So 2014 is nigh. I’ve just finished cleaning up the house, organizing some platters of food, chilling some champagne1, and am about to go shuck some oysters as I await the arrival of some friends who will be ringing in the new year with me. All told, not a bad way to spend the last day of 2013.
Looking back, 2013 has been a crazy amazing year. Despite setbacks with my exercise goals, I’ve had an adventure filled 12 months. Crushing the Goofy Challenge with Mark, wandering New York City twice, learning the true meaning of What Happens In Vegas Stays In Vegas2, exploring the beauty of Newfoundland and Labrador with Danny, Lee-Jay, and Corey, celebrating the 2nd Annual Big Mountain Challenge with Rick and my brother3, and various other adventures with friends in Ottawa, Toronto, and London; all have reminded me that I am one lucky bastard.
And even though work was as crazy as it was, I have to say that I love my job and had so much fun this year. I was beyond fortunate to work with several amazing students – people who have reminded me again and again that if you give students something real to work on, they can do amazingly awesome things. Their hard work led to Farm-To-Fork.ca, and all of the subsequent and well-deserved attention that it brought. I’ve been spoiled because of their talent, drive, and passion. Because of them, I was invited to speak at several conferences and seminar series. Because of them the Farm To Fork project raised and continues to raise money because so many people understand its importance. Because of them I feel that I have something significant to contribute to the world beyond academic papers. And that dear readers is an amazing feeling.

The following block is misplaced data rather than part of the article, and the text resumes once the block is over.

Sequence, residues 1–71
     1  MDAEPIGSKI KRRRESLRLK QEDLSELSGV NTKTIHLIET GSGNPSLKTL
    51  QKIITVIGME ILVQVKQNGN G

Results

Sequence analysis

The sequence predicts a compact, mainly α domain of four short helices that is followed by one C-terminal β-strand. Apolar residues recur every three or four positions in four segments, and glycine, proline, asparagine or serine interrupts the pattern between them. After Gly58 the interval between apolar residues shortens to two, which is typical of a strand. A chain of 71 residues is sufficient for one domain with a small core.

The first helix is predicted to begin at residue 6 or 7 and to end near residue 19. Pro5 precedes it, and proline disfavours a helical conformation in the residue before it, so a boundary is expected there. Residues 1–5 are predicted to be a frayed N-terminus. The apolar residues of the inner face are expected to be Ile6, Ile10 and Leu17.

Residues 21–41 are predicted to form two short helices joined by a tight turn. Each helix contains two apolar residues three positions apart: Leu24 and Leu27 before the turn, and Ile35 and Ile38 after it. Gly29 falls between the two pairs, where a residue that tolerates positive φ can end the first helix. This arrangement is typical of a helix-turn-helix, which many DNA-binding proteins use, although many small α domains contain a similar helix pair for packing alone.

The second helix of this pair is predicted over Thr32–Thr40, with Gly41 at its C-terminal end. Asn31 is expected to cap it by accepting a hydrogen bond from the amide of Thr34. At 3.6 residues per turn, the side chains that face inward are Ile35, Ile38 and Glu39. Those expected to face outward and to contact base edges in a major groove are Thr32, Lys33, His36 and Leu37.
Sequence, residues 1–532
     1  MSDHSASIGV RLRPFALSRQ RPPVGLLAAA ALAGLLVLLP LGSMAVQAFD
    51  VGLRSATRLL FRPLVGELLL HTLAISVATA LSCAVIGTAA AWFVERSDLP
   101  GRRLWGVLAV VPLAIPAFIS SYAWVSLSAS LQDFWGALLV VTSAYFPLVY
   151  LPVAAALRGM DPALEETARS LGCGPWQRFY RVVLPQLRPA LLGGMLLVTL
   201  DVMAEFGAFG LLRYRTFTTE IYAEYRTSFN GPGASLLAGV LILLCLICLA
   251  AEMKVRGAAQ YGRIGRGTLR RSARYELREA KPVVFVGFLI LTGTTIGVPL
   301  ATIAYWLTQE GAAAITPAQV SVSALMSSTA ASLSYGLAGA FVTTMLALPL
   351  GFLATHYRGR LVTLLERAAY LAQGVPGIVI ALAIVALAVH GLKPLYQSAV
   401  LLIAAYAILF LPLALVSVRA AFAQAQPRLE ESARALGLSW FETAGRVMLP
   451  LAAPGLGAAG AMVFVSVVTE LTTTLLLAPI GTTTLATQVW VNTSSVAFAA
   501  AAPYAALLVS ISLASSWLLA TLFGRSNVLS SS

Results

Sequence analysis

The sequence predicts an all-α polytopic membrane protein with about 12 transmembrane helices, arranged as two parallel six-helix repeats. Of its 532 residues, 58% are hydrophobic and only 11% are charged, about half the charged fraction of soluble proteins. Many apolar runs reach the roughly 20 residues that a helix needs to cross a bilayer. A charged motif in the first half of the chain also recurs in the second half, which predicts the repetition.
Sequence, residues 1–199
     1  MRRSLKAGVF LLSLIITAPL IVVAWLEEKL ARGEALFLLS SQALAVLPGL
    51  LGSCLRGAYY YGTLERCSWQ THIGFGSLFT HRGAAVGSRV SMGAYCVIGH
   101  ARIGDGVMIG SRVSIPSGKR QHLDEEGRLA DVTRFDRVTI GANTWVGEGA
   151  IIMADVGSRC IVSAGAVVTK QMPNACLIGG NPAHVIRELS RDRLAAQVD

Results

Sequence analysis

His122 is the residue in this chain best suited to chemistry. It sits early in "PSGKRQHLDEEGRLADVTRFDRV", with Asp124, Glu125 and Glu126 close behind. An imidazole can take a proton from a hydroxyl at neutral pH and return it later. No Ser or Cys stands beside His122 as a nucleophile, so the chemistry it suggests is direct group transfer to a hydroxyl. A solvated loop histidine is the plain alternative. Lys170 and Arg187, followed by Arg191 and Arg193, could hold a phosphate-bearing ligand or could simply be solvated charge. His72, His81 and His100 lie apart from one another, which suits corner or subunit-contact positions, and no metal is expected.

Beyond all of this, I’ve just been lucky to spend the year with some amazing people. Family and friends who look out for me, take care of me, feed me, and spoil me on a seemingly continuous basis. To all of you, thank you for making this another fantastic year. Thank you for telling me I need to sleep more or eat more or get out more, or that I need to learn to say no. I can’t promise I’ll do any of that in the new year, but it makes me smile to know that you’ll still be worried enough to tell me so.
So raise your glass and toast the year that was. To the ups and downs, the good and the bad. Here’s wishing that 2014 brings with it all the things that make you smile.